Carpa Diem
Great managers and remarkable employees seize the moment to plug into touch points. Stop a moment and think about what’s going on at work, with your job or with your reports. Examine what’s happening and look for touch points. Are you beginning or completing a project? Preparing for important meetings? Changing organizational strategies because of new leadership? Reducing resources, downsizing or flattening the organization? Find yourself in a new software environment, etc.? These are some great touch points for exploring career development.

Examples of Touch Points and Possible Conversations
The chart below demonstrates a number of examples of quick touch points for discussion. Block “A” highlights an important career question to explore taking charge of a career.. Block “B” lists possible touch points for career conversations, whether the beginning or end of a new project, meetings, diverse organizational changes or work environment changes. Block “C” contains examples of topics for discussion, such as individual strengths, leadership and learning opportunities, branding and reputation, new skills and knowledge, decisions to align aspirations, and avenues to acquire learning skills. Lastly, Block “D” describes some of the results you may anticipate from these touch point conversations.

To get started, choose an event that best fits your current situation in Block”B” and then focus on the subject for discussion in Block “C.”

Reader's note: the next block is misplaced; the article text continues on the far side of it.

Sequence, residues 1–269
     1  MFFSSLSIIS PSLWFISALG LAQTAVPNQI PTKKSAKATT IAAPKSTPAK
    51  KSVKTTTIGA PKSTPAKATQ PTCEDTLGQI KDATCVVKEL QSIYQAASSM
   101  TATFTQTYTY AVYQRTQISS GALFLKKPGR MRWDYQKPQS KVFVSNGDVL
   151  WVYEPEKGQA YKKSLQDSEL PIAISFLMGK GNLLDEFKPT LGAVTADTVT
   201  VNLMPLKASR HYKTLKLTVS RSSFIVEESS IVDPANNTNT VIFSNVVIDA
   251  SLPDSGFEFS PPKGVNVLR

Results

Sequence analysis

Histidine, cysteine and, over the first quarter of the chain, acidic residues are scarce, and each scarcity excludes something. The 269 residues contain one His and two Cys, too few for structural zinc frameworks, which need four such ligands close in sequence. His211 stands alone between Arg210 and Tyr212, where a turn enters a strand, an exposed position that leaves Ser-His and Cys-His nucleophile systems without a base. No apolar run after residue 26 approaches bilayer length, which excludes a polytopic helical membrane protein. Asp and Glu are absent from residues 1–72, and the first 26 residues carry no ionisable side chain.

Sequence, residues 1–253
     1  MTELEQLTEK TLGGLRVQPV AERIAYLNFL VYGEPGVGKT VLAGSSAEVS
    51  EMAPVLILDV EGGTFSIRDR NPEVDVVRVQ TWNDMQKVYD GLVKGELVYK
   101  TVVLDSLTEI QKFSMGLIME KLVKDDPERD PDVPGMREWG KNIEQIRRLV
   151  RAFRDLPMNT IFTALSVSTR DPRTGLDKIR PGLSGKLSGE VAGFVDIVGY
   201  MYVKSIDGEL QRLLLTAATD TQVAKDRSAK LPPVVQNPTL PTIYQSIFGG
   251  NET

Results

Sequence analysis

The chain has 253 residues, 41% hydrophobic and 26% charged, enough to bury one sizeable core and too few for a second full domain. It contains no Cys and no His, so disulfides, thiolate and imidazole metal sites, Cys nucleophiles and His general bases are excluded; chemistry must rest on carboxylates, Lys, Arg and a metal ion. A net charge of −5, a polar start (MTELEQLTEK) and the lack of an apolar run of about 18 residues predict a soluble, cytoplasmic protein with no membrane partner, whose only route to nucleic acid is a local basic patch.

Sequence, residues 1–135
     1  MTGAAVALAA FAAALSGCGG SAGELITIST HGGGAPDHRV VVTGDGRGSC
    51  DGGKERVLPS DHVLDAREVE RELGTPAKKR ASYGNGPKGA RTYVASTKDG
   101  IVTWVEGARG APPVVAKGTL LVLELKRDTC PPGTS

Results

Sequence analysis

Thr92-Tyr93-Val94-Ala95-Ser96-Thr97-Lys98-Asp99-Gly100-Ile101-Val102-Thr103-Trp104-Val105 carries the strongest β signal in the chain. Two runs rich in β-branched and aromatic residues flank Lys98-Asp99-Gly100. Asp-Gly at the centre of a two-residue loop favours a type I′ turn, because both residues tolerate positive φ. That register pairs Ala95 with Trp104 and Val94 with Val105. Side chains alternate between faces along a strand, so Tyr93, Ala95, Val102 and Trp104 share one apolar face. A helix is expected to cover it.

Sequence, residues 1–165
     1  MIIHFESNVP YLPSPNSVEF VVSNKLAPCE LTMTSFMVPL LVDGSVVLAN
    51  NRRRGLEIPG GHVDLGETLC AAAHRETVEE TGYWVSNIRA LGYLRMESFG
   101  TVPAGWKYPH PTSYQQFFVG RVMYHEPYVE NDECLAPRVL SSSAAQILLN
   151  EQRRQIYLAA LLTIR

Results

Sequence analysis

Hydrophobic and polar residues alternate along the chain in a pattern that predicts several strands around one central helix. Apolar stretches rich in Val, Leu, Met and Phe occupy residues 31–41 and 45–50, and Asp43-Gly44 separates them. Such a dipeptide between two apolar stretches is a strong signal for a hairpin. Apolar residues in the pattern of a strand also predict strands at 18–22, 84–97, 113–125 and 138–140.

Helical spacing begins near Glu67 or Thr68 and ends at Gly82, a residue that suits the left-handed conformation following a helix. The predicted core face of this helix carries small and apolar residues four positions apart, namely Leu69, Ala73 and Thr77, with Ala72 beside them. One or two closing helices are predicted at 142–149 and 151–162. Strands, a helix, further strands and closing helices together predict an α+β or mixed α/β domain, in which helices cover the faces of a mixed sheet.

Career Questions

The When
Touch Points
The What
The Possible
Outcomes Results
Person – How Am I Unique?

Appreciate individual uniqueness
- Strengths
- Development
- Values
- Interests
- Passion
- Style
Beginning of a New Project -

End of a Project
Your strengths and why you are on this project

Development Areas – what you want or could learn on the project; working with people outside of your organization; a possible mentor is also on the team – what could you learn from him or her? Demonstrate
Leadership capability

Get and give
feed-back on contribution.

Assess goal achievement.

Brainstorm next projects for on-going career development.

Person knows the strengths that they are counted on for the project.

Find a mentor
Have more advocates who know you strengths.

Quality feedback

Publicize accomplishments and contributions.

Identify other areas for contribution and other projects to join or lead.
Performance – What Are My Capabilities?

Assess capabilities:
- Team Performance
- Network
- Reputation
- Individual Performance


Project Meetings


How do you come
across to others?

Quality of your ideas?

Major contributions – team & individual

How might you be
more effective
Widen your reputation to people outside of your functional area.

Increase knowledge.

Build stronger or wider network.

Showcase your strengths.

Get real-time feedback.

Place – How Is the World of Work Changing?

Anticipate the future & trends in industry, organization, profession or job.
Changing Organizational Strategies because of a new leader How the change will affect your current job or your future job options

New skills that might be required – innovative leader; authoritarian leader or more of one project and less of others
Expand knowledge or skills in a new strategic direction.

Challenge your values.

Understand implications of a different work environment where you’ll be evaluated on different metrics.

Possibilities – What Are My Options?

Long and short term goals

Career Options